15 Hudson Yards Infuses Culture into Manhattan Skyline

New York City’s Hudson Yards neighborhood heralded the arrival of a 70-story super-slender tower that features more than 250 condominiums and rental units.

A stunning new residential tower on Manhattan’s far west side, 15 Hudson Yards is turning heads with its eye-popping shape and features. But reaching this milestone required some creative approaches to the structural engineering of the building.

As the structural engineer of record, WSP USA was responsible for delivering the structural design of the 918-foot-tall skyscraper, now one of the tallest residential buildings in New York City and the latest property to open its doors at Hudson Yards.

“The geometric form of the building is somewhat unique for New York City,” said Cillian Calpin, WSP vice president who was responsible for delivering the 15 Hudson Yards project. “There is a lot going on at this particular portion of the Hudson Yards development.”

Located in the Southwest corner of the development, 15 Hudson Yards was constructed above the new No. 7 Subway extension line, as well as a recently built Amtrak tunnel, designed by WSP in anticipation of future use. On the east side of the tower is The Culture Shed, a dramatic performing arts space that docks with the new tower. To the south side of the tower is the active High Line elevated park.

“There were a lot of adjacent complexities surrounding this building that had to be negotiated, and some unusual design considerations had to be made before the tower could be built,” Calpin said.

With 965,000 square feet of total space, 15 Hudson Yards features a two-story glass lobby and a quatrefoil design as it climbs, providing amazing views of the Hudson River on one side, and downtown Manhattan on the other. It is part of the Hudson Yards Redevelopment Project, a joint venture by the New York City Department of City Planning and Metropolitan Transportation Authority, the largest private real estate development in U.S. history by square footage. The property is being developed by Related Properties and Oxford Properties.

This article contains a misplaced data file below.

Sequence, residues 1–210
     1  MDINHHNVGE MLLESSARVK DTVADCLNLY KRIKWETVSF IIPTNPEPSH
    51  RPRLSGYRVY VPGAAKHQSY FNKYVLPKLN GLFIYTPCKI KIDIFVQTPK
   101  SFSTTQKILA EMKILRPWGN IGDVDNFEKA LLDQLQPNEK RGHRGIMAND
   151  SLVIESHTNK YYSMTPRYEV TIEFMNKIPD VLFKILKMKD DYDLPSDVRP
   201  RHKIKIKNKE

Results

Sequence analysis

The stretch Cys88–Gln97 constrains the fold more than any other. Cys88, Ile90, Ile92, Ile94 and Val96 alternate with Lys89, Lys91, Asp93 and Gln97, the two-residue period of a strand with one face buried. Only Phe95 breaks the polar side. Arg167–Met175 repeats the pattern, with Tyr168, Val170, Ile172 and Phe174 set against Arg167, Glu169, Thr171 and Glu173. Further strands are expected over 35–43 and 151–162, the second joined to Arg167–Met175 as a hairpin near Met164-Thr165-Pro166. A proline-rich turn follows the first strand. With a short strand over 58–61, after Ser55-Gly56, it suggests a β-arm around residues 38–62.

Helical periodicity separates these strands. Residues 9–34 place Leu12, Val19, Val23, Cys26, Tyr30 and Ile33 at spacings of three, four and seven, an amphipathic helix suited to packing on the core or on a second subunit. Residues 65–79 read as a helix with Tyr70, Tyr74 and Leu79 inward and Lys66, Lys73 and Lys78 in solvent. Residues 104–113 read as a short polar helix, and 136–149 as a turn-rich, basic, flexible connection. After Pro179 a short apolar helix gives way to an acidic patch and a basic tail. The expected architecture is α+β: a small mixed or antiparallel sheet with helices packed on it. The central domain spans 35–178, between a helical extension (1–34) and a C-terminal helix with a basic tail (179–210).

©2019 WSP USA

The Culture Shed features a retractable roof that “docks” within the tower to create open public space when it is not in use.

Culture Dock

While the tower cuts a distinct silhouette in a New York City skyline crowded with hard hewn edges, Calpin said it is at the lowest levels where the building’s most unusual manifestation is revealed.

The Culture Shed, an avant-garde performing arts center adjacent to 15 Hudson Yards, exacts its influence by undercutting the tower above with a giant horizontal “V” cut, creating the space for the retractable roof of the culture shed to dock with the tower. The Culture Shed’s motorized roof slides back and forth to create versatile indoor/outdoor performance spaces. This dramatic shift in geometry required the tower width to be reduced from 92 feet at its widest point, to 51 feet at the apex of the “V” cut.

“This was a counterintuitive thing for a building of this size, especially since it was not due to an unavoidable encroachment from an existing neighboring property, but rather a fundamental construct of the building’s conceptual design that required us to plan around it,” Calpin said.

After creating several possible options, the designers favored a system of reinforced concrete sloping elements, diaphragm slabs and transfer systems carefully arranged to direct the tower loads around the culture shed and ultimately to Manhattan bedrock.


©2019 WSP USA

The Culture Shed’s motorized roof slides back and forth on large tracked wheels to create a versatile performance space.

K-Wall Design

This design, which Calpin called a “K-wall” system due to its shape, was considered the optimum solution to accommodate The Culture Shed’s retractable roof. This decision was reached after careful analysis and close collaboration with the buildings architects.